A truce followed, which the French emperor utilized in gathering fresh levies. Prince Metternich, the able chancellor of the Austrian empire, sought to make peace, but his demands upon Napoleon were much greater than the proud conqueror was prepared to grant, and he decisively refused to cede the territory held by him as the spoils of war. His refusal brought upon him another powerful foe, Austria allied itself with his enemies, formally declaring war on August 12, 1813, and an active and terrible struggle began.

Napoleon's Last Important Victory

Napoleon's army was rapidly concentrated at Dresden, upon whose works of defense the allied army precipitated itself in a vigorous assault on August 26th. Its strength was wasted against the vigorously-held fortifications of the city, and in the end the gates were flung open and the serried battalions of the Old Guard appeared in battle array. From every gate of the city these tried soldiers poured, and rushed upon the unprepared wings of the hostile host. Before this resistless charge the enemy recoiled, retreating with heavy loss to the heights beyond the city, and leaving Napoleon master of the field.

On the next morning the battle was resumed. The allies, strongly posted, still outnumbered the French, and had abundant reason to expect victory. But Napoleon's eagle eye quickly saw that their left wing lacked the strength of the remainder of the line, and upon this he poured the bulk of his forces, while keeping their center and right actively engaged. The result justified the instinct of his genius, the enemy was driven back in disastrous defeat, and once again a glorious victory was inscribed upon the banners of France—the final one in Napoleon's career of fame.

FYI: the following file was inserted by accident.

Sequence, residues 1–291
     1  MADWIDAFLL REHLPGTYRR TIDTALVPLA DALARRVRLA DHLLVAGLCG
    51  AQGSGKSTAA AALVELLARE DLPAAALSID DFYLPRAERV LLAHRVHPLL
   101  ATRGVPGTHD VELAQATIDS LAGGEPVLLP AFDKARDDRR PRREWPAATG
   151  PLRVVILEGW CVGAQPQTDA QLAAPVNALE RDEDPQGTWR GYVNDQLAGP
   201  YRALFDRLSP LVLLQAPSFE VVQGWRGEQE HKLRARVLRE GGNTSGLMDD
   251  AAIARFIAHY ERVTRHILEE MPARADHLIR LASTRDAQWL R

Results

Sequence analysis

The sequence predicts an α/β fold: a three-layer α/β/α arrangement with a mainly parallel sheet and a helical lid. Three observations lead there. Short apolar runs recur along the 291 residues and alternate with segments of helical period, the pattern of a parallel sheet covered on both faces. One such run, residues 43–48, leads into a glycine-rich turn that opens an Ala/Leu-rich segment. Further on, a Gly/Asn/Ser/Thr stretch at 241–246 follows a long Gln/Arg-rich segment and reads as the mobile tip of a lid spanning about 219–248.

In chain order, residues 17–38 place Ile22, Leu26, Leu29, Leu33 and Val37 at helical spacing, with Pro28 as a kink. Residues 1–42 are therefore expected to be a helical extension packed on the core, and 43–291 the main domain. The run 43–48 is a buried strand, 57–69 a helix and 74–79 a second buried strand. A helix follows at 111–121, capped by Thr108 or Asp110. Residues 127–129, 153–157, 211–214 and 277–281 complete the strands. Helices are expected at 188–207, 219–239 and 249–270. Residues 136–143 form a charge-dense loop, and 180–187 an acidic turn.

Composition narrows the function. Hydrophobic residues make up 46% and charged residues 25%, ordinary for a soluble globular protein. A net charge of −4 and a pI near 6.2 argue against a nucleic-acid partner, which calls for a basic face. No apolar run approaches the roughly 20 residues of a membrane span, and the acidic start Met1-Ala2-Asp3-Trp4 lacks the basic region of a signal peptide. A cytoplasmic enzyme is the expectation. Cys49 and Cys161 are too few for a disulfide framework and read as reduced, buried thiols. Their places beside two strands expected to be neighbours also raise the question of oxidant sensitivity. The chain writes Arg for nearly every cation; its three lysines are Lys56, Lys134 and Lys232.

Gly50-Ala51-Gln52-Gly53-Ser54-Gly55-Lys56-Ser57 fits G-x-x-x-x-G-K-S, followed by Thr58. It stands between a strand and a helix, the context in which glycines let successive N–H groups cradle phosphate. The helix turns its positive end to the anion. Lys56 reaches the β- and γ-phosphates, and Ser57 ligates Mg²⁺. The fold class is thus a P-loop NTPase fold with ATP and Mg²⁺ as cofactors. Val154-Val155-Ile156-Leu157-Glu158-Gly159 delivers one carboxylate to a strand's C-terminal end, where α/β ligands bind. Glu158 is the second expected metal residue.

Yet the fruits of this victory were largely lost in the events of the remainder of the month. On the 26th Blucher brilliantly defeated Marshal Macdonald on the Katzbach, in Silesia; on the 30th General Vandamme, with 10,000 French soldiers, was surrounded and captured at Culm, in Bohemia; and on the 27th Hirschfeld, at Hagelsberg, with a corps of volunteers, defeated Girard. The Prussian-Swedish army similarly won victories on August 25th and September 6th, and a few weeks afterward the Prussian general, Count York, supported by the troops of General Horn, crossed the Elbe in the face of the enemy, and gained a brilliant victory at Wartenburg. Where Napoleon was present victory inclined to his banner. Where he was absent his lieutenants suffered defeat. The struggle was everywhere fierce and desperate, but the end was at hand.

The Last Stand at Leipzig

The rulers of the Rhine Confederation now began to desert Napoleon and all Germany to join against him. The first to secede was Bavaria, which allied itself with Austria and joined its forces to those of the allies. During October the hostile armies concentrated in front of Leipzig, where was to be fought the decisive battle of the war. The struggle promised was the most gigantic one in which Napoleon had ever been engaged. Against his 100,000 men was gathered a host of 300,000 Austrians, Prussians, Russians, and Swedes.